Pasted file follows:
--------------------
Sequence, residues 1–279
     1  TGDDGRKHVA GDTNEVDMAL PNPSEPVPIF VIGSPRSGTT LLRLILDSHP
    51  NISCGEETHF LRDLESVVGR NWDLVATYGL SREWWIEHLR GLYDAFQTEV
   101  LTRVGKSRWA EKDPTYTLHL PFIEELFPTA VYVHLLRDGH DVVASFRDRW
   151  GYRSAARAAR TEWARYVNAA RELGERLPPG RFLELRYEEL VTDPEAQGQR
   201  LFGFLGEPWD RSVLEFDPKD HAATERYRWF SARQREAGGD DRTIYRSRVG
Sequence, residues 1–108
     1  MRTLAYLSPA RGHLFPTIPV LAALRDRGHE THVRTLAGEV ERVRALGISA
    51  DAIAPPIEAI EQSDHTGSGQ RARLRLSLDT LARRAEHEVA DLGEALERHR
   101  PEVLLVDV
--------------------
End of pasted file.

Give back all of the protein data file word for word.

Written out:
Sequence, residues 1–279
     1  TGDDGRKHVA GDTNEVDMAL PNPSEPVPIF VIGSPRSGTT LLRLILDSHP
    51  NISCGEETHF LRDLESVVGR NWDLVATYGL SREWWIEHLR GLYDAFQTEV
   101  LTRVGKSRWA EKDPTYTLHL PFIEELFPTA VYVHLLRDGH DVVASFRDRW
   151  GYRSAARAAR TEWARYVNAA RELGERLPPG RFLELRYEEL VTDPEAQGQR
   201  LFGFLGEPWD RSVLEFDPKD HAATERYRWF SARQREAGGD DRTIYRSRVG
Sequence, residues 1–108
     1  MRTLAYLSPA RGHLFPTIPV LAALRDRGHE THVRTLAGEV ERVRALGISA
    51  DAIAPPIEAI EQSDHTGSGQ RARLRLSLDT LARRAEHEVA DLGEALERHR
   101  PEVLLVDV